Why Sam’s Club is overhauling its ad network with a self-service platform to compete in the retail media race
As retailers increasingly invest in ways to let advertisers reach consumers on their online properties, Sam’s Club is the latest to give its ad network a major overhaul.
The Walmart-owned company today is rolling out a number of updates across its website, app and curbside pickup e-commerce options. Along with giving online shopping new search capabilities, Sam’s Club will now let advertisers buy sponsored product ads through a self-service platform called the Membership Access Platform (MAP) to target shoppers based on search behavior, past purchases and membership info. Marketers will also be able to retarget people off Sam’s Club’s platforms through programmatic ad partnerships with The Trade Desk, IRI and LiveRamp.
Sam’s Club debuted an ads business in 2009 that was insourced from another company, but it hasn’t had any major updates since the Covid-19 pandemic, according to Lex Josephs, Sam’s Club vp of ad sales and general manager. She said shoppers are searching for products “more than ever,” but until now there hasn’t been a search experience online for their customers. The company’s membership model also gives advertisers first-party data that helps them understand the lifetime value of a customer and also helps to trace what they’re searching for and buying both online and offline.
“Because it’s 100% traceable tender where everything is related back to a credit card, you know everything about a member,” said Josephs, who joined Sam’s Club in January after spending four years on the ad sales team at Walmart. “That then gives us a way to curate a really curated personalized experience.”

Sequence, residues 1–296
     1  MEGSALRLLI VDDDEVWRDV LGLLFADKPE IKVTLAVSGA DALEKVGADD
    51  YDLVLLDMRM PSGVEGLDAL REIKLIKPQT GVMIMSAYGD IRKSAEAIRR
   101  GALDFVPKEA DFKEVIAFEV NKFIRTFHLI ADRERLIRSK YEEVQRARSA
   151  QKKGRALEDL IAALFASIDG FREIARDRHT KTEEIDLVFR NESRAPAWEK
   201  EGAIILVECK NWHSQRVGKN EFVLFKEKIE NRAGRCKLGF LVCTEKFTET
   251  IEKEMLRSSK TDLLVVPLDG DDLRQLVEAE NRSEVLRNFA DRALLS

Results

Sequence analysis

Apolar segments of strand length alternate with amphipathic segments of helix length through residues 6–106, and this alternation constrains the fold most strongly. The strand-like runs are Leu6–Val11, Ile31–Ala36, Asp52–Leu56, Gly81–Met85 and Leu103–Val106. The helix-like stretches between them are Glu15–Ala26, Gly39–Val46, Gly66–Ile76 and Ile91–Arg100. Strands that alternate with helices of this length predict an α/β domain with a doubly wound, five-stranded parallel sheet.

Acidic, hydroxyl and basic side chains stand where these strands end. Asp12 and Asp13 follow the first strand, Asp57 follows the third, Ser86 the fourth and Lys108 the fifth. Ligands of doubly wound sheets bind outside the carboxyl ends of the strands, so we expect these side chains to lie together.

Although she wouldn’t say which advertisers have been a part of the new platform, Josephs said they began onboarding them about a month ago. (Walmart has its own media network, but she said it’s very separate from Sam’s Club’s data.) Other data partners beyond the initial three could also be added in over time.
Retail media is indeed a booming business. In the U.S. alone, retail media ad sales are expected to climb 39% from $29 billion in 2021 to $40 billion in 2022, according to Forrester, which predicts that could double to $85 billion by 2026. And as reaching consumers via the set-to-expire third-party cookie becomes less popular — and less effective — advertisers are looking to find new ways of reaching consumers beyond traditional search and social media.
It’s all about advertisers getting closer to consumers’ point of purchase, said Sarah Hofstetter, president of the Publicis-owned e-commerce monitoring platform Profitero. However, the new places for spending ad dollars also come with a new wave of walled gardens.
“I think of it like Game of Thrones,” Hofstetter said. “Who’s got which dominion at the moment.”
Although Amazon has had the lead for years, competition is heating up. In March, Walmart announced updates to its own offerings and even disclosed ad revenue for the first time to the tune of $2.1 billion in 2021. That’s still just a fraction of the $31 billion in ad revenue that Amazon reported last year.